You’ve been giving this whole “workout thing” a try for the past few months now, or maybe even longer, but you still aren’t seeing physical results. You may have seen results initially but everything's come to a half and now you're at a plateau. What gives??
There are so many factors that come into play to make or break your progress, whether your specific goal is weight loss, gaining lean muscle, getting stronger, or whatever else you want to get out of the gym. The plateau is when I see most people quite. I mean, what’s the point of trading Taco Tuesday plans for a grueling sweat sesh at the gym and protein shake waiting for ya at home if you're not seeing results, am I right?
Over the last four years, many of my clients have found me after they tried to work out on their own with little to none or stalled progress.
I always analyze a person’s current gym routine, eating and sleeping habits, medications, and stress levels to see what could be hindering them from getting some results. Based on what I’ve seen in the last few years, here are 3 habits that could be keeping you from results in the gym.
- Your gym routine involves a high cardio to resistance training ratio. I see it time and time again… Especially when someone’s goal is weight loss, their primary activity is a long aerobic cardio session (also known as LISS) most days of the week, with maybe a few bicep curls, crunches and squats thrown in there after they hop off the treadmill. Of course, it’s great to be moving your body in any way you can, and you will probably even see some initial results by doing long cardio sessions at first. But a month or two into this, your body will most likely plateau and any muscle mass you already had will have dwindled away (say goodbye to those booty gains). Instead of low-intensity steady-state cardio 5 days a week with a couple of exercises thrown in there, try this:
3-6 days a week of weight lifting (dedicating different days to different muscle groups) with 3-6 days of cardio (a mix of HIIT or high-intensity interval training and LISS or low-intensity steady-state). This means multiple days out of the week you may be performing both weight lifting AND cardio. My tip for you is for HIIT training days, just do a weight lifting circuit at a high enough intensity to count it as cardio too. ;) Much more efficient!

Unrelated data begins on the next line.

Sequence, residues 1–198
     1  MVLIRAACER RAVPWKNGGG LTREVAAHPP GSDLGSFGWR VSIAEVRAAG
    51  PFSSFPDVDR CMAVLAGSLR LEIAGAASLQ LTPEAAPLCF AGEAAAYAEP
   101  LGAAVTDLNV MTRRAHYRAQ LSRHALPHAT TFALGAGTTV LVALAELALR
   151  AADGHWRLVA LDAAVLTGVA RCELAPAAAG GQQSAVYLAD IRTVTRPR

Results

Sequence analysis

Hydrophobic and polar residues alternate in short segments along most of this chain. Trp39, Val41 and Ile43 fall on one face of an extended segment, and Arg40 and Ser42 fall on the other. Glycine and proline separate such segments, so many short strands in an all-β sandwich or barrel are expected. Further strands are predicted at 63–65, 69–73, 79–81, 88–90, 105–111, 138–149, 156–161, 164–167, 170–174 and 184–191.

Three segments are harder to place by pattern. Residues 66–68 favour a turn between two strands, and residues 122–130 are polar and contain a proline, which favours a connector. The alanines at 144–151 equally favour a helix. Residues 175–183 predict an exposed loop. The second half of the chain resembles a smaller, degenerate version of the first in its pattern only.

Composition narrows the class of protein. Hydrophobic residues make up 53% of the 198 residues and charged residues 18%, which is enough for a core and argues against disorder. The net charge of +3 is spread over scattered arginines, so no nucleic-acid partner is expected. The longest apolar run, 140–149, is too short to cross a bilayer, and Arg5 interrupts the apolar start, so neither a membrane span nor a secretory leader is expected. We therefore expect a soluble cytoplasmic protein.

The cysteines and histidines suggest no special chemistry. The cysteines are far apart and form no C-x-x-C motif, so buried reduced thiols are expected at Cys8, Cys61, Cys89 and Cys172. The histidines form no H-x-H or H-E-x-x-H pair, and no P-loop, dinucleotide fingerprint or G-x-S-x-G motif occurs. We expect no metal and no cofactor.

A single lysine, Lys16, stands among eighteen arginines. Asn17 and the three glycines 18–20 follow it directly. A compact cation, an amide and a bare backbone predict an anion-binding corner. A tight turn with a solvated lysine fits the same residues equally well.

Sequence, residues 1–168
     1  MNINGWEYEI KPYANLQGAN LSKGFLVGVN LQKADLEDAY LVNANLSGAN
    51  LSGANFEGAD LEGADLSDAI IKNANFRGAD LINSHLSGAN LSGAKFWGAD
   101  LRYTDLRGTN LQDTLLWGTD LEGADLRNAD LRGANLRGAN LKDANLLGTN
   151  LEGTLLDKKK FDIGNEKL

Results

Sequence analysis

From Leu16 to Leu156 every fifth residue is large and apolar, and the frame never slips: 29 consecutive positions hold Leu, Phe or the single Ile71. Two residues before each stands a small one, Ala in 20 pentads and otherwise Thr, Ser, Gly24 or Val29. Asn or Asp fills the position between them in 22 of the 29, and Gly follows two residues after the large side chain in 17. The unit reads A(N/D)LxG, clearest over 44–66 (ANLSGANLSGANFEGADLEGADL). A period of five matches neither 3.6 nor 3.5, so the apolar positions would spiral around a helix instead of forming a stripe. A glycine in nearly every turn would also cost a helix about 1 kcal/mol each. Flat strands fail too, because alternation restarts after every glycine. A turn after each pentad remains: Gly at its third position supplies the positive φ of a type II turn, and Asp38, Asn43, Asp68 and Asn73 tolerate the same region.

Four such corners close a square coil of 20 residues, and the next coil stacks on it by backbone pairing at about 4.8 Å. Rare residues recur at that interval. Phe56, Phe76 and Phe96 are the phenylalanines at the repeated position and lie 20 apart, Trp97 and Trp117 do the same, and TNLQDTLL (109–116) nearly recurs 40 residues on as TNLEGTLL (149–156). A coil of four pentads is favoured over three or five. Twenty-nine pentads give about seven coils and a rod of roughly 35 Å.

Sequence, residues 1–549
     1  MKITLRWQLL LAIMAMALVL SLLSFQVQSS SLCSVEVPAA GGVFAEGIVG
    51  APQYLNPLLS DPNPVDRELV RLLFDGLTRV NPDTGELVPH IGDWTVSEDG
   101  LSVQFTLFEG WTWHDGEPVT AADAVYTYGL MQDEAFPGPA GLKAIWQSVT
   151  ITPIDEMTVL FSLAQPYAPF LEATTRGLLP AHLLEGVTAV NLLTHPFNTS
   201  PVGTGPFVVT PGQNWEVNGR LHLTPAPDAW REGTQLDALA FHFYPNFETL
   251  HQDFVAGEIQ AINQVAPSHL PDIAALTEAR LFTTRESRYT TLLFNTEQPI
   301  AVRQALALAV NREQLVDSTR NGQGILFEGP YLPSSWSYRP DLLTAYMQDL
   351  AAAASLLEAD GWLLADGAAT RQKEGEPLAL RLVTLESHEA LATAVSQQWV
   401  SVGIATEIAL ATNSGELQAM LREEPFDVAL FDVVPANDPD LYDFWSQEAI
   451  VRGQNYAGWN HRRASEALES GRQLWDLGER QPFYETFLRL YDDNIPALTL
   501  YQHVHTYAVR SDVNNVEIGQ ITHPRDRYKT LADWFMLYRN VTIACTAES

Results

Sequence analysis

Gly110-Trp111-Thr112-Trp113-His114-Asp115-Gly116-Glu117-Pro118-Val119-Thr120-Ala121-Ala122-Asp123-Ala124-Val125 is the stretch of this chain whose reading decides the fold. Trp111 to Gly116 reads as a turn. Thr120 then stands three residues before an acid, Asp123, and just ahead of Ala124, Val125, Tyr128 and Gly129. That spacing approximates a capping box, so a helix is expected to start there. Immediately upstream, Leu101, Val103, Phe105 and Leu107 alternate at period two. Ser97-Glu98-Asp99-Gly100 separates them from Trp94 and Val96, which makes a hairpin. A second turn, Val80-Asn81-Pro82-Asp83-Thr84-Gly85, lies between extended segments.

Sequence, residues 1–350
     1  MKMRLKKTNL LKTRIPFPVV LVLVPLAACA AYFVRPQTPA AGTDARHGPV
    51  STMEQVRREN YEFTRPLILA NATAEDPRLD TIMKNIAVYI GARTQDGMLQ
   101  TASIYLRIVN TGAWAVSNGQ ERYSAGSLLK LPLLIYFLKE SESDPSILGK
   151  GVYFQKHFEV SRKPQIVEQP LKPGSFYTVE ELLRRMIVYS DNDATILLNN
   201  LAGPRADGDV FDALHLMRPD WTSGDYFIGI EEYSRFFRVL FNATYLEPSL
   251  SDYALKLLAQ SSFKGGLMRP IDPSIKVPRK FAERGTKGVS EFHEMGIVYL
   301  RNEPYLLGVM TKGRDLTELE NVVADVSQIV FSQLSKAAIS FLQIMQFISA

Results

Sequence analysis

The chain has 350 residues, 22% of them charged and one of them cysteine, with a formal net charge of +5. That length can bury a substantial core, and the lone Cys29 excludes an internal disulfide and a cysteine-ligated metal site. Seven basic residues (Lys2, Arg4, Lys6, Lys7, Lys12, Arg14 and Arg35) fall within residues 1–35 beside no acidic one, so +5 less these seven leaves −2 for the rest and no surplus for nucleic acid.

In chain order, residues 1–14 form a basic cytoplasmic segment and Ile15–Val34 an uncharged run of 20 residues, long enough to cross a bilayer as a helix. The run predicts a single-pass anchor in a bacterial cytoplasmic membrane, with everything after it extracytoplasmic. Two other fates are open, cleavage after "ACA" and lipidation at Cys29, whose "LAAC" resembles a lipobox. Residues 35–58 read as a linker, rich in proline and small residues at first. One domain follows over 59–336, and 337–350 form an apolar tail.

2. You are still lifting the same amount of weight and doing the same routine as when you first started. If you’re still doing the exact same lower body, upper body, and cardio routine as when you first joined a gym, it’s no doubt that you 1. lack motivation to workout because you’re bored AF, and 2. are stalling your progress by not constantly making your body adapt to imposed demands. The gym sessions you have that include doing the same exercises, the more your muscles become used to it. The same goes for your heart during your cardio routine. If you hit the same RPM and use the same gears during each and every spin class, your body is going to get used to this and will eventually stop progressing.
Now, when it comes to lifting the same amount of weight over and over again… I know I know, you’re just trying to “tone”. Not a day goes by at the gym that I don’t hear someone describe their goals using that word. Not that it’s a bad word, it’s just that everyone has used it to justify not lifting heavy. “Heavy” is a subjective term, and it certainly doesn’t mean you’re going to turn into a female bodybuilder overnight from lifting heavier than you’re used to. Here’s a tip I give all my clients:
Tune in to the last two repetitions of your lift. If you can complete those last two reps with ease or just a slight struggle, it’s time to move up in weight.
There is this principle in exercise physiology called Progressive Overload. This basically means that unless you are constantly increasing the demands being placed on your body, it will stay exactly the same. If you are not increasing the number of reps you do or the weight you lift on an exercise every few weeks or so, your body will cease to progress.
If you are not pushing yourself to run just a little bit faster or longer every other time you run sprints, your body will – once again - cease to progress, AKA plateau. One of my favorite sayings that couldn’t be more relevant to this topic is “great things never came from comfort zones.” Moral of the story: next time you’re about to pick up your usual 8-pound dumbbells, try grabbing the 10’s.
3. Your workouts are kick-a**, but your idea of a healthy diet is getting the small order of fries instead of the large. If you are killing it in the gym (and following my tips above), but aren’t practicing portion control, or are drinking the majority of your calories (this could be either alcohol OR those yummy PSL’s for all my basics out there) it’s unlikely you will get where you want to be physical if your goal is to lean out. You will start to see and feel a change in your body once you focus on consuming “clean” foods (AKA whole foods vs. processed foods) the majority of the time, and not trying to satisfy your cravings for sweets with “diet” foods that contain artificial sweeteners – just go for the real thing when the time comes for you to treat yourself!
Try eating what your body needs to perform well in the gym, and seeing food more as nourishment versus satisfaction - you just might naturally see a difference in your eating habits without even needing to try counting calories or tracking macros!
Inspiring a happy, active, healthy life.